A significant part of my day job involves correcting/advising/steering inappropriate teenage behaviour.
I’m pretty good at it, too. I almost never get told to eff myself by the charming young hooligans in my care and I can almost always coach them through a renegotiation back into another teacher’s good graces. I do good work.
However, you can imagine my surprise (and the colossal shift in my ego) when I found discipline with a 3-year-old to be far more challenging than almost any of the rebellious man-children I’d been paid to deal with.
For one, she was a three-foot tyrant. Two, she was MY three-foot tyrant. Three, she didn’t give a flip (the concept of future consequences did not seem to register anymore for her than for a goldfish — a cute, blonde, defiant goldfish dressed in an octopus T-shirt. I knew there were solid developmental reasons for this).
However, the principles of discipline with a 3-year-old girl were almost identical to the principles of discipline with the 16-year-old boys (except — top tip — you don’t hug 16-year-old boys you aren’t related to).
There are a million different approaches. This is just what worked for me and my kid … at the time.
This is for low-level, everyday, normal boundary testing (not years of entrenched anti-social behaviour).
At our house, our most common triggers were not turning off the iPad when asked, general non-compliance involving clothing and/or shoes and peanut butter (don’t get me started on peanut butter).
Shouting, hitting are rare — I think because we have been pretty consistent in how we deal with it.
5 discipline tips for dummies (and soft-hearted mummies!)
Catch it early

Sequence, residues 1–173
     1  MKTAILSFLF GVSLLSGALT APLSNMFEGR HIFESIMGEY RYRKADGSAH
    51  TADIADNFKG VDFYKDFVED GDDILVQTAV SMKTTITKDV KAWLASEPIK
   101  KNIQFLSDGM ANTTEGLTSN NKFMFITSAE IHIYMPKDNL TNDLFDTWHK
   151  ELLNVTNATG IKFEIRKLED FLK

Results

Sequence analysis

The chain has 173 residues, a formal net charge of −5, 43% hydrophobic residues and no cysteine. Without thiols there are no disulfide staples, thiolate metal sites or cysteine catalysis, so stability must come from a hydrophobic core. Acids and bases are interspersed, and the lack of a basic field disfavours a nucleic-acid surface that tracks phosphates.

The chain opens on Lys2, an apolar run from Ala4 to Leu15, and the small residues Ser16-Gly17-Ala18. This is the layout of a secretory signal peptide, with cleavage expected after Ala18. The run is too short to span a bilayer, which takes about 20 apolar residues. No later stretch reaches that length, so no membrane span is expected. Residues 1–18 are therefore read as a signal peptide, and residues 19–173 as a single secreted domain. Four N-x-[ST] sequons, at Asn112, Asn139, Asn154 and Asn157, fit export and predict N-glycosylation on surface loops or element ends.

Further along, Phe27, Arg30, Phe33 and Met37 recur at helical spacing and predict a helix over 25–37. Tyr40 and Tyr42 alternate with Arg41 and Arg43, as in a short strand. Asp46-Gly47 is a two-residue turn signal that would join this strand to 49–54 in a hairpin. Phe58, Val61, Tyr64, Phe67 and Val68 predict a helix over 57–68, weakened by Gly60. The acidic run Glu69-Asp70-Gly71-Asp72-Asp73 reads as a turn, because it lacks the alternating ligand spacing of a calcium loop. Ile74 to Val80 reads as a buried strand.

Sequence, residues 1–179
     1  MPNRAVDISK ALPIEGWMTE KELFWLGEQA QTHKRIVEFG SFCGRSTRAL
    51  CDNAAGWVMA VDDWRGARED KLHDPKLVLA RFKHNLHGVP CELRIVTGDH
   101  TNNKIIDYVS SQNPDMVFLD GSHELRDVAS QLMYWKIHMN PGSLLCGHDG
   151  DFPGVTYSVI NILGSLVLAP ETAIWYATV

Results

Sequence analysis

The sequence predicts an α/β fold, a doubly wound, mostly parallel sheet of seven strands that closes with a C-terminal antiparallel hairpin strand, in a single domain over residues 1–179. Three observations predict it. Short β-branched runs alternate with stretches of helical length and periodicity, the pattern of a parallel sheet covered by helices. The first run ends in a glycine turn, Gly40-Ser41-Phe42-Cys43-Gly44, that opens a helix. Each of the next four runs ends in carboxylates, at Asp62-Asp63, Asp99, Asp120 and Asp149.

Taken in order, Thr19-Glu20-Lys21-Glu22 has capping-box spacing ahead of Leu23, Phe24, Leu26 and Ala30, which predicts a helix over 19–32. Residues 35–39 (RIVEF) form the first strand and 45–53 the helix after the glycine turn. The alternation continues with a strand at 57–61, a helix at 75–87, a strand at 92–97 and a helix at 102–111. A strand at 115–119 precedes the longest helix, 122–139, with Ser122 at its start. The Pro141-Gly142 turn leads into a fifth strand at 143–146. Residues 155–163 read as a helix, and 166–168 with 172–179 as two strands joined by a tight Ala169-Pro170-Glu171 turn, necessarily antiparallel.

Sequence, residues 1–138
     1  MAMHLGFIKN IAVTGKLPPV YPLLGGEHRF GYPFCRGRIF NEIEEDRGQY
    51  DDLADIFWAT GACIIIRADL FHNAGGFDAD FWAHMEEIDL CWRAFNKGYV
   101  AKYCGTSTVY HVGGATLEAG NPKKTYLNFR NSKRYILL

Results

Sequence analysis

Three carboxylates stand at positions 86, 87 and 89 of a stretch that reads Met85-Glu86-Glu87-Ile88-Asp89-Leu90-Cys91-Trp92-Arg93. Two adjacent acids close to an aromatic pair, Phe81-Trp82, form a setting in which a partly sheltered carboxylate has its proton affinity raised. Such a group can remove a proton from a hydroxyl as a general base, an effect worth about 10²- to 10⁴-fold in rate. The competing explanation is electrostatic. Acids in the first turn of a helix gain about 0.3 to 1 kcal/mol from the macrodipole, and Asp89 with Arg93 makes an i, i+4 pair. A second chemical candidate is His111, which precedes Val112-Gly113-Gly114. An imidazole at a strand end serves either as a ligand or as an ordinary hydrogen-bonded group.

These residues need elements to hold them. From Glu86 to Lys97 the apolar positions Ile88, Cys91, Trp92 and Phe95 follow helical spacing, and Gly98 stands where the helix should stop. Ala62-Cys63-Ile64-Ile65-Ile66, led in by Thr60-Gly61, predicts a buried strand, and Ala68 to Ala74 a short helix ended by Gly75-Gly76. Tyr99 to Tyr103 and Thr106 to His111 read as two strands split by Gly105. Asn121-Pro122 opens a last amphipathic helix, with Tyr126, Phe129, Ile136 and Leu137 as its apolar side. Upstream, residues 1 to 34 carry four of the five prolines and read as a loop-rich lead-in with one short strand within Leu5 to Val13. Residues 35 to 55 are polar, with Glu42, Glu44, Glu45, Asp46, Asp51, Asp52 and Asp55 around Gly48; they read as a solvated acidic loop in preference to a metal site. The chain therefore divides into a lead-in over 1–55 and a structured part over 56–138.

You are not doing anyone (not your child, not you) any favours by giving seven chances and trying to play the good guy.
Name the behaviour. Politely ask them to stop. If your kid ignores you, ask them to stop less politely (with a more serious tone).
If they do not stop, either remove the object or remove the child from the situation; the third strike. This may result in tears or otherwise.
Do not reverse your decision based on their reaction. As we say in NZ, Kia Kaha. Stay strong. (Your kid is not the boss — unless of course tears and screaming do cause you to reverse your decision. In which case, good luck for 10 years from now.)
Name the behaviour, not the child
When you and your child are calm enough to discuss, keep it simple. Never name call. Do not say, “You are rude.” Say, “It was rude to ignore me.”
Point out what happened, “I asked you to stop. Twice. You didn’t. I love you very much but I don’t like it when you .” If the kid is a toddler, this is enough. Be done with it. If the kid is older, see if you can get them to identify why the behaviour upset you.
Don’t drag the conversation out. Try not to lecture. Kids do not have a long attention span. And it’s not fun. Not for you, not for your kid.
Always offer the reminder of unconditional love and the opportunity for grace. Make redemption an option.
Teach older kids how to apologise and negotiate future solutions*
“I would feel better if you said sorry. Are you ready to say sorry?” If not, walk away for a minute, regroup and try again calmly.
I have done this as many as 5 or 6 times before getting a positive result with my girl. I have even taught some really stubborn boys how to apologise for a miscommunication, “I’m sorry. I didn’t mean to come across as disrespectful.”
When a child does apologise, say thank you.
I think it’s important to acknowledge the effort of an apology but it is also important to not say, “It’s okay.”
“Thank you. I feel better. Do you want a hug? Now let’s go back and do…” Give a child an opportunity to have their parental love reaffirmed, comfort an upset or embarrassed child and carry on to a new activity. Teaching the ability and confidence to apologise is one of the greatest social skills we can equip our children with to live happier lives.
*This step is age specific because there’s little point in asking for an apology from some 2-year-olds (depending on the kid). Removing them from the situation will have sent a clear message. Early days, Step 1 is enough.
Give them a clean slate
Forgive. Let it go. Grudges have no place in a happy life. Give kids a chance to change future behaviour without reminding them of their past. If they can’t be redeemed, then what’s the point?
If ever you get angry, get out.
Take a breath, use the toilet or have a cup of tea. Try again later. Your kid is better off having five quiet minutes of reflection in a room alone than learning from an angry parent. Because that’s what all this behaviour and boundary testing is about: Learning